Money that sits in the bank or in a Wall Street portfolio does little to keep local businesses profitable and their workers employed. Small businesses are responsible for over 64% of net new private sector jobs. 98% of US export firms are small businesses. (#s from SBA administration website)

The only change I'd like to see in SS is the option to decline benefits. As Warren Buffett says, he's hardly in need of his SS benefits!
you just don't file ...ss declined ...... like any annuity program those who die pay for those who live
 

mathjak107

Senior Member
You're usually very good with financial numbers mathjak, so you response really surprises me.

If rkunsaw had been able to take that money and invest it prudently in the market over those 49 years rather than giving it to the government, and then leave it in the market for another 14 years (less distributions), his current balance plus total distributions would certainly add up to far more than $302K.

To get a rough idea, using an investment calculator I find that $2500 invested each year between 1957 and 2006 would have yielded something over $1,250,000 (based on DJIA). If that $1.25M was then left untouched in the market for the next 14 years, his current value would be in excess of $2,500,000.

The federal government isn't a particularly good investor to begin with. Then overhead and non-retirement drawdowns ensure that no SS retiree will ever even come close to breaking even.


the gov't is not allowed to own stocks of public companies since that would be ownership by the gov't of public and private companies . so fixed income is their only choice .

ss is not an investment , it is an annuity .... its is like buying a pension not a stock market investment
 

mathjak107

Senior Member
Social Security is far more than a retirement safety net. It greatly benefits widows, orphans, and the disabled and that is an extremely important reason why it needs adequate support.

As for the retirement part of it, I ran the numbers starting from the beginning of my 45 year working career, added in a reasonable fixed interest growth and concluded that it was still a reasonably good deal for me even though the government calculates the payout based on the top 35 years of earnings. So ten years of my contributions did not get entered into the calculus. Personally, I am fine with that since I greatly appreciate the overall role that Social Security plays in our society.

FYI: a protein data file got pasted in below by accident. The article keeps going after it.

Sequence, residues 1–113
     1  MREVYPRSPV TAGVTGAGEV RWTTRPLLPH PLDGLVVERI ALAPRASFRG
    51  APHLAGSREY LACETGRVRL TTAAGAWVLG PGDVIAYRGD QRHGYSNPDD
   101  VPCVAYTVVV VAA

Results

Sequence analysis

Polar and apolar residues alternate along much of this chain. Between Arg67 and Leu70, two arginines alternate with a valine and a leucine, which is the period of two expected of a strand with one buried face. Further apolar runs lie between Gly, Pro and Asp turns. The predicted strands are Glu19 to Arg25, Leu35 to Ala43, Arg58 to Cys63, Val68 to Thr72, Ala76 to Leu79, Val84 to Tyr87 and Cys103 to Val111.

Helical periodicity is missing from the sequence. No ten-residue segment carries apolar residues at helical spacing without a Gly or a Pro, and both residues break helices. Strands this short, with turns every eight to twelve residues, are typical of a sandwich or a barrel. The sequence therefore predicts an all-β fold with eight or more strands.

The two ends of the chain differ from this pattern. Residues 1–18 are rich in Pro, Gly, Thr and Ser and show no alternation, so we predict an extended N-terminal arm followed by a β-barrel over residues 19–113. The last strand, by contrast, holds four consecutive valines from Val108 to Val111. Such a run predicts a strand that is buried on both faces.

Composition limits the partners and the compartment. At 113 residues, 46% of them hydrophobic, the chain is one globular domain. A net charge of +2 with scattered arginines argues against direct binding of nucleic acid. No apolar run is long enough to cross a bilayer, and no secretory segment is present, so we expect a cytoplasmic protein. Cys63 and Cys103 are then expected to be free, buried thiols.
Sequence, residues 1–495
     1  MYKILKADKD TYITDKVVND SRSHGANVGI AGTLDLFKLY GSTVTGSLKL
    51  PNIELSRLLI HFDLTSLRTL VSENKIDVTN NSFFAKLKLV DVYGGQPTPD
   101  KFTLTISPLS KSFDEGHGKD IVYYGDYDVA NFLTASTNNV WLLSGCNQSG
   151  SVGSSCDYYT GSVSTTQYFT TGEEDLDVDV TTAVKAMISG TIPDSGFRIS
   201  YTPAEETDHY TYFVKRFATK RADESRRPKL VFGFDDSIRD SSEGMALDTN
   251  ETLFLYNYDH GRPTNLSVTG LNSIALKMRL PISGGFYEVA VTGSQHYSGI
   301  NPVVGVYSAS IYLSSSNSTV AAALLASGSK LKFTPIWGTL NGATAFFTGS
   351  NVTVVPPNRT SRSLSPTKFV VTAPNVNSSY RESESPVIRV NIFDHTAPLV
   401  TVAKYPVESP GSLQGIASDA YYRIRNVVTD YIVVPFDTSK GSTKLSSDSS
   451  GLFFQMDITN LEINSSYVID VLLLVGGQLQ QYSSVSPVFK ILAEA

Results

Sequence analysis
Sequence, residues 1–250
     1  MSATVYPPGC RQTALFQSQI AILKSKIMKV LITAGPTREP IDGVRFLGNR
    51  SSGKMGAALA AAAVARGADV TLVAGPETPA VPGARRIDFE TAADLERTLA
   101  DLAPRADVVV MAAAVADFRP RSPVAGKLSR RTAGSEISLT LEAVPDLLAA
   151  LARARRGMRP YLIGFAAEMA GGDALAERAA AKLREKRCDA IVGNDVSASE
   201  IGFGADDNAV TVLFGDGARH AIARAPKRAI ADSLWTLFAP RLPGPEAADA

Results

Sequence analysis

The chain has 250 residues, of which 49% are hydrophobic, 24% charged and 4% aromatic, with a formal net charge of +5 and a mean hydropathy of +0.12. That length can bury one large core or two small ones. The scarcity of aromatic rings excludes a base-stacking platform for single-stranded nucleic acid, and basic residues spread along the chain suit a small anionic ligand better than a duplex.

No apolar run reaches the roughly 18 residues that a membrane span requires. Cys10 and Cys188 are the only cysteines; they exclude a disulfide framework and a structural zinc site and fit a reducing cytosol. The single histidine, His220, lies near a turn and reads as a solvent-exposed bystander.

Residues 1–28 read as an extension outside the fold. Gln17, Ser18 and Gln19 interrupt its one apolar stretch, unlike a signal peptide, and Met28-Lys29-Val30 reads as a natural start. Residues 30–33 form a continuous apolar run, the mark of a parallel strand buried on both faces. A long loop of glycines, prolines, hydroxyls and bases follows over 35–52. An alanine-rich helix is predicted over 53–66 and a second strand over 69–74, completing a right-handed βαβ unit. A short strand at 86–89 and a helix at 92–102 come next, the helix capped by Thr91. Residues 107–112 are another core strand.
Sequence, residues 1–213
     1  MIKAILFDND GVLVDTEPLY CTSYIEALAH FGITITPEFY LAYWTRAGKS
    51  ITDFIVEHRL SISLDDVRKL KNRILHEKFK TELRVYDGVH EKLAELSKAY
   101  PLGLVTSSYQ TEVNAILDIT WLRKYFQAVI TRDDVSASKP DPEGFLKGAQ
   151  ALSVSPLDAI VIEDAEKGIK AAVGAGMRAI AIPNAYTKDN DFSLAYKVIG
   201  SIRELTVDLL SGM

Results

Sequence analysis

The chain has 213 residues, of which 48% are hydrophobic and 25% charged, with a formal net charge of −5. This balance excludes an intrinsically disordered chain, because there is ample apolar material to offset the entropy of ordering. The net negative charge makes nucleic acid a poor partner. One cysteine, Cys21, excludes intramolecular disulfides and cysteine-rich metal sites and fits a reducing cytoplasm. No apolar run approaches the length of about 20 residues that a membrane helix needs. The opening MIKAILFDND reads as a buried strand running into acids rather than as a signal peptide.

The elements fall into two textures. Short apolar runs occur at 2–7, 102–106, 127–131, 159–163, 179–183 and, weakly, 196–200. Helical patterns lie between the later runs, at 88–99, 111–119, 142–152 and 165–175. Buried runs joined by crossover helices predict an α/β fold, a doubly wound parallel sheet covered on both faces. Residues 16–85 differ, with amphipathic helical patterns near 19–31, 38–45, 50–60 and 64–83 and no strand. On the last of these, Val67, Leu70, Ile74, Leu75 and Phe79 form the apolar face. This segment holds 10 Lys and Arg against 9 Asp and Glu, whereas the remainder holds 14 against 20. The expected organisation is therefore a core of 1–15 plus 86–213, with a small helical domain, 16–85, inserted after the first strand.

actually if one delays ss to 70 and one in a couple reaches 90 which is almost a 50% chance then ss generates a 5% real return which equals a balanced portfolio




 

Lizzie00

šŸ˜Ž
Location
Down South
we actually can pay tax 2x on ss .

we are taxed on the money that goes in to fica and then if we are taxed on ss when we get it , that money is taxed again . it is like taxing a roth if your ss gets taxed .
Yeah...nobody ever said life is fair, but that double taxation royally stinks IMO.

And tho IRMAA doesnā€™t apply to me personally, IMHO it stinks just as bad.
 
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mathjak107

Senior Member
Yeah...nobody ever said life is fair, but that double taxation royally stinks IMO.

And tho IRMAA doesnā€™t apply to me personally, IMHO it stinks just as bad.
I got hit one year by the surcharges ...they really suck .....

the problem is seniors are getting hammered on once in a life time sales ...plus these sales , while large lump sums do not represent much income draw ....yet they will pay thousands more than a peer who simply sold pre medicare .

I can sell a million dollar property , trip the surcharge and yet the 40k that million generates is less then a neighbor with a 40k pension yet I would pay thousands more in premiums